Fast Food Gardens... Billions Underserved

In my childhood, the drive-through was still a mystery, and the Golden Arches hadn't yet wrapped their arms around every neighborhood. "Grandmother's Pies" and "Mother's Bakery" really meant your grandmother and your mother were in the kitchen up to their necks in flour dough, and most families tended gardens. Your garden began when the Gurney's seed catalog arrived in the mailbox.

At the end of each winter, my father tilled our 5-acre hill into a proverbial smorgasbord. Then at the first sign of spring, my brother and I watched tiny sprouts poke their heads up above rich dirt. In mid-summer my parents began taking the project plant by plant into the kitchen and we'd eat sun-ripened tomatoes until the juice ran down our chins and suck berry juice straight from the bushes.

Nearly a month ago my children and I were driving down the Columbia Gorge. They wanted McQuick pies. So we stopped and exchanged pocket change for six hot pies. Not more than 10 minutes later, I looked back. Shockingly, the pies lay among sappy happy bags, barely nibbled. I reflected: Nothing in mother's garden ever went to waste. It seems my boys have yet to understand pies are grown.

In the microwave age, (where even our lawns are rolled out) our fast-food society seems only to have given us more calories with less in them. Our "four-minute marriage mentality," has given us bigger but emptier homes. Our "prime-time-parenting" has entrenched our children with vast action figures yet left them strangers to Bible characters. While institutions drop knowledge faster and faster—our schools fail at greater speeds. At best, Americans are running on empty, over-drawn and over-spent, but more rapidly. But how can we blame a generation that was fundamentally taught everything could be supersized for only 20 cents?

Perhaps what we need in this country is less drive-throughs and just a few more gardens. Maybe we need fewer factories named "grandma," "aunt," and "mother" and some real-life aunts and grandmas in our kitchens. Maybe we need slower cars, slower foods and slower religions. Maybe we need less silk-hand products and more proudly earned calluses, more teenagers tending gardens instead of more time tending teenagers.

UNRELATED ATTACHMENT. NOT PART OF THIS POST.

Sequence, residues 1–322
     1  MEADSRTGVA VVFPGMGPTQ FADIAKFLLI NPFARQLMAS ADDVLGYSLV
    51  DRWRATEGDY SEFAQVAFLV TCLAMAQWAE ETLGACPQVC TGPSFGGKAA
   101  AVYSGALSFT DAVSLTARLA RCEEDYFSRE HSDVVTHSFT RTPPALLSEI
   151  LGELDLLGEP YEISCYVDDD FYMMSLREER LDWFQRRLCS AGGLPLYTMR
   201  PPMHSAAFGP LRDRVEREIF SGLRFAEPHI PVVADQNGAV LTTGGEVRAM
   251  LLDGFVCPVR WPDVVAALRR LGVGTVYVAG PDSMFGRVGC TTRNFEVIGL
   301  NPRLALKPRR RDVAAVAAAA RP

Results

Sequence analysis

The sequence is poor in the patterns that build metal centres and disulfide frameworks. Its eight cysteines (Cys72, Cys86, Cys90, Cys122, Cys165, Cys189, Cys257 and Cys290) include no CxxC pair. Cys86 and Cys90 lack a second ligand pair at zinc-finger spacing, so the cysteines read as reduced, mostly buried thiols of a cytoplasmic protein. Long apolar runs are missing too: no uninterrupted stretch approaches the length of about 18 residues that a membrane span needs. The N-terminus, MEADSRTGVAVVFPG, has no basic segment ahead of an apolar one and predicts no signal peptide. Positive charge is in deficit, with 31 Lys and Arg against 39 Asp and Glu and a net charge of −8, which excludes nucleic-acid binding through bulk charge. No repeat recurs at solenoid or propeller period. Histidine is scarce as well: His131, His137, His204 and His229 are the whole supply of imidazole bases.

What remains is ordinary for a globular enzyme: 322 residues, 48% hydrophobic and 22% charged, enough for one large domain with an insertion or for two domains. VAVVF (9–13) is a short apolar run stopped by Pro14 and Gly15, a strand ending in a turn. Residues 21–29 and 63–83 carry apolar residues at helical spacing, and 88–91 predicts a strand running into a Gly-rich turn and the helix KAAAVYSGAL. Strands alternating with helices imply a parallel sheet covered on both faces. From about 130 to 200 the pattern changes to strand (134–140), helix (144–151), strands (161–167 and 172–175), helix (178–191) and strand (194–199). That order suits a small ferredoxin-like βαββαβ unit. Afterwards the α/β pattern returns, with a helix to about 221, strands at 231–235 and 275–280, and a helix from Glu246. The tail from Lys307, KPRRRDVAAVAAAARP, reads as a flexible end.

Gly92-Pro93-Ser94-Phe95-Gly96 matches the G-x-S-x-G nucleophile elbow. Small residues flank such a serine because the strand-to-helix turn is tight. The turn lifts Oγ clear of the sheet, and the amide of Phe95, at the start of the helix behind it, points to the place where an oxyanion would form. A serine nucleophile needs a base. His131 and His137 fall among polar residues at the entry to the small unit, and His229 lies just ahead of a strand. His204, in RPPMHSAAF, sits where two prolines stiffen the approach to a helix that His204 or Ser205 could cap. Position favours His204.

If fathers and mothers cultivated gardens together would they cultivate better marriages? If families sat on garden swings each night counting real stars instead of television stars, how would this look? If neighbors shared common gardens, would there be more community? What if we had fewer Happy Meals and more truly HAPPIER meals?

Perhaps we have bought into the plastic-fork-drive-through myth—that everything comes fast, cheap and easy. We need to embrace the golden-spoon-garden realism that our grandmothers and anyone tending even one plant knew—real pies take hard work.

I believe God placed Adam and Eve in the garden instead of a drive-through for a plethora of reasons, but mostly to remind us: ministries are not ordered—they are tended.

In our plastic-fork world, we're tempted to want drive-through results even in ministry, baptizing and reaping at side-order speed. Yet ministries, the grass-roots of church growth, take planning and pruning.

I think Jesus was talking about women's ministries when He said, "All wish to sit at the table [drive-through] but few want to go into the field [garden]."

And so I've decided, the next pie my boys eat is the one they bake!

This GLEANER highlights Northwest women out tending "gardens" with their sleeves rolled up. Join our garden club; pick up your trowel...

I am excited to be hosting a GLEANER blog. Check it out by going to "Gleaner Online." When you are on "Gleaner Online", click on "Gleaner Blog," at this point click "Gleaner Blog" twice and then "New Gleaner Blog" you will see the GLEANER masthead and have a choice between our two categories "General" or "Cindy's GLEANER Garden."

June 01, 2009 / Editorial
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